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July 02, 2019 - Medical Devices + Diagnostics, Product Liability + Class Action, Regulatory

Committed to Clarity: FDA’s Dedication to Transparency with the End of ASR

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On June 21, the Food and Drug Administration (FDA) released a report titled “Statement on agency’s efforts to increase transparency in medical device reporting.”[1] This report describes updates to FDA’s Medical Device Reporting (MDR) Program, namely the conclusion of the Alternative Summary Reporting (ASR) Program. In conjunction with the end of the program, FDA also published 20 years of reports submitted through the ASR Program that had not previously been disclosed to the public, leaving manufacturers with potentially massive amounts of data to sort through regarding their products.

Background of the ASR Program

Created in 1997, the ASR Program was designed to give FDA more time to review and act on “new safety signals and less understood risks” by relieving FDA of the obligation to review well-known and well-understood adverse events. Under the ASR Program, manufacturers could request an exemption from the burden of submitting individual reports and instead submit quarterly summary reports for common adverse events. Since the ASR program’s inception, FDA has granted 108 exemptions for specific, well-known adverse events associated with medical devices, such as adverse events those described in the labeling of the device.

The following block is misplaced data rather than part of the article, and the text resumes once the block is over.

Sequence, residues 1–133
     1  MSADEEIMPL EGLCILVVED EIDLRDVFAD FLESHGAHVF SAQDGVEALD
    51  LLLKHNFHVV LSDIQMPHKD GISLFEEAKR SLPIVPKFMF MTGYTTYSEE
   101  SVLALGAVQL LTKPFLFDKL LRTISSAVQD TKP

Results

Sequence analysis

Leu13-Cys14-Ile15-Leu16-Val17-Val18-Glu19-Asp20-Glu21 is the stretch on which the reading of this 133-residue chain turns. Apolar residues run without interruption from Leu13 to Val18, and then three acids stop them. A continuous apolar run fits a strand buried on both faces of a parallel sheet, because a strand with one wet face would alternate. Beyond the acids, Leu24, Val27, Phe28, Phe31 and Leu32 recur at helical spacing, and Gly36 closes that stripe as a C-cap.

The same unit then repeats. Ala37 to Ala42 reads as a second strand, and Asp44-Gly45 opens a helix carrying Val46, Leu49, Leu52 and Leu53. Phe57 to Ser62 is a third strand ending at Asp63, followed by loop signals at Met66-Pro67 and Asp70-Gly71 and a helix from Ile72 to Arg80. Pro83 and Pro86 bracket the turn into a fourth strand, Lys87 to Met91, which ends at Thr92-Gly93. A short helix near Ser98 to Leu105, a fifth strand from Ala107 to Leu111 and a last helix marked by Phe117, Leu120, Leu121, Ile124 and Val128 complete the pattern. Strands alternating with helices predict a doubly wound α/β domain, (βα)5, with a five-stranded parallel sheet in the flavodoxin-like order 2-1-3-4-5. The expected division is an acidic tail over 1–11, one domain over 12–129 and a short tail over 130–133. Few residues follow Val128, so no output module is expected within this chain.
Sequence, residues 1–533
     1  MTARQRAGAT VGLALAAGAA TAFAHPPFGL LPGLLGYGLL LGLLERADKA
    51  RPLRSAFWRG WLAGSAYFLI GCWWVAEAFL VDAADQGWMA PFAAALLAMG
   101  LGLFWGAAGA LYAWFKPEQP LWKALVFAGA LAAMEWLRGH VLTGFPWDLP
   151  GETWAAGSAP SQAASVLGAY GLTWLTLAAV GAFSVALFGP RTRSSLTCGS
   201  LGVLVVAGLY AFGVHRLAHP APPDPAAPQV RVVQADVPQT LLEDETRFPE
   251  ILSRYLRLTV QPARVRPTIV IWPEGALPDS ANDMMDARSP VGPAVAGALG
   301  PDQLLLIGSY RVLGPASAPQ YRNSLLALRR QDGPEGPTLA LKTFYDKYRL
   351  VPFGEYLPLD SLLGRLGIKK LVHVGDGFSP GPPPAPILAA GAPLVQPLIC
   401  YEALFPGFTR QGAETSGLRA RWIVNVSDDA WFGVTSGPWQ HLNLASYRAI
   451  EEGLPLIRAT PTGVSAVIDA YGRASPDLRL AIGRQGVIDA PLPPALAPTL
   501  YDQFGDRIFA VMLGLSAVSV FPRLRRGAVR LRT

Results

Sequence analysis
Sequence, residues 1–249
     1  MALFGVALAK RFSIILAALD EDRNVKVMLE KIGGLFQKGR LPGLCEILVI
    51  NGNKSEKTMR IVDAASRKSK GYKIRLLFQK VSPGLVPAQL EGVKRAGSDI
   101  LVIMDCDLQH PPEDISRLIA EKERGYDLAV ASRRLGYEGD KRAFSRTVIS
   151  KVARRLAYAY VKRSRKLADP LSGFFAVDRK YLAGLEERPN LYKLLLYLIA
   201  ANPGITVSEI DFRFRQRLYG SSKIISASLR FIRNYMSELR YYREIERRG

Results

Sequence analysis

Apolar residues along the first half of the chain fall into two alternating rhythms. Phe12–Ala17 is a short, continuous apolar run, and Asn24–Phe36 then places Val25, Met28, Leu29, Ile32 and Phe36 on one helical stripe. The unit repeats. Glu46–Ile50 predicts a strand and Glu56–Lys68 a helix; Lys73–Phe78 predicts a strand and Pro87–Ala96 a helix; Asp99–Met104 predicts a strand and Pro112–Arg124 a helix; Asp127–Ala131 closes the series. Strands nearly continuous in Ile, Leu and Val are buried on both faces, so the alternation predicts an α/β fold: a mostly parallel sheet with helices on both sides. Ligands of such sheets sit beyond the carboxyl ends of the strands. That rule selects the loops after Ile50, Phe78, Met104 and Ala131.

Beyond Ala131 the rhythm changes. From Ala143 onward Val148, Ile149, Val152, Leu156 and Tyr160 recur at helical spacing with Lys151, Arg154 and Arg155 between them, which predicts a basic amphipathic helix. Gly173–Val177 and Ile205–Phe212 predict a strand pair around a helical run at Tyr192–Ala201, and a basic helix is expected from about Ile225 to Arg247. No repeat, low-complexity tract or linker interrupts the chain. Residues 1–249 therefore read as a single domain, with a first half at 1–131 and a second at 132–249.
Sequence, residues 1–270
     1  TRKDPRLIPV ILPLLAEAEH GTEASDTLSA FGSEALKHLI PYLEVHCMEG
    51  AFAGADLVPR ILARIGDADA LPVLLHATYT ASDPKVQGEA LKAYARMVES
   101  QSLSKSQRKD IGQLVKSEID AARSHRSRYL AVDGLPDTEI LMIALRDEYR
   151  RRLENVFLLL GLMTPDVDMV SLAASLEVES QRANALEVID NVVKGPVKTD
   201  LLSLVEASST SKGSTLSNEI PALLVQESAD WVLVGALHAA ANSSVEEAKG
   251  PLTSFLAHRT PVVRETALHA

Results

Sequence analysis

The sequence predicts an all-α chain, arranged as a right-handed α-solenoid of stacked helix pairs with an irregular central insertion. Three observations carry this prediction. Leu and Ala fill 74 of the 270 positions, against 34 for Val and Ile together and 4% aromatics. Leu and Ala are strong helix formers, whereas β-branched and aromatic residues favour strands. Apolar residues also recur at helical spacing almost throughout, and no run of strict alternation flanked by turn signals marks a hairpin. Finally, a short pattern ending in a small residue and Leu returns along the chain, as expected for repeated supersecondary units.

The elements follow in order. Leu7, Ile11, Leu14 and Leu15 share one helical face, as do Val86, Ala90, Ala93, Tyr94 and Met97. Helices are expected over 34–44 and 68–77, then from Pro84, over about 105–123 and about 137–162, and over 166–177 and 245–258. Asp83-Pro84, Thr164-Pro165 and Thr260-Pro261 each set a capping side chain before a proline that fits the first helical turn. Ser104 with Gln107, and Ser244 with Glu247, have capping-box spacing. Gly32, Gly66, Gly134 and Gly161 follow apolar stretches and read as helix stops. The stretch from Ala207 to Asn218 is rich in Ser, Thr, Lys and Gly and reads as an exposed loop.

FDA Ends ASR Program to Increase Transparency

The ASR Program caused some concern among the public because very few of the reports submitted to the FDA through this program were accessible to the public. In 2017, FDA took steps to make the ASR program more transparent by requiring manufacturers to submit dual reports. Along with their ASR reports, FDA asked manufacturers to submit a “companion” MDR that would be available to the public through the Manufacturer and User Facility Device Experience (MAUDE) database. The MAUDE database holds mandatory reports (submitted by manufacturers, importers, and device user facilities) and voluntary reports (submitted by healthcare professionals, patients, and consumers) that the entire public can access. In 2018, FDA also began to slowly phase out the ASR Program when it launched the Voluntary Malfunction Summary Reporting (VMSR) Program.

The VMSR Program was also designed to reduce FDA’s monitoring burden. Under the VMSR Program, manufacturers of specific medical devices can report certain malfunctions on a quarterly basis in a summary format rather than through individual reports. When FDA ended the ASR Program, only 13 companies still had VMSR exemptions. These included manufacturers of dental implants, implantable cardiac defibrillators, and pacemaker electrodes. In an effort to increase transparency regarding safety of medical devices, FDA decided to end the ASR Program and release 20 years of reports that were filed under the ASR Program.

Further Steps Taken by FDA to Improve Transparency

FDA has also been working to make the MAUDE system more user-friendly and to modernize the Medical Device Programs Information Technology Systems. Since 2012, FDA has been working on the National Evaluation System for health Technology (NEST). This active surveillance system uses real-world data to quickly find and address safety signals once devices are on the market. NEST is designed as a counterpart to the MDR Program, with the intent of removing the human error that can come through reports. These actions demonstrate FDA’s commitment to making records more transparent and giving the public a more open view into its regulatory activities.


Medical device manufacturers should monitor FDA’s push for transparency and the potential impact transparency may have on their businesses. With the release of 20 years’ worth of ASR Program data, 6 million previously undisclosed adverse event reports are open now to public scrutiny. Morrison & Foerster’s new FDA practice and our product liability lawyers can help you assess the potential impact of these reports on your company.


[1] Shuren, Dr. Jeffery E. “Statement on agency’s efforts to increase transparency in medical device reporting.” U.S. Food & Drug Administration, 21 June 2019,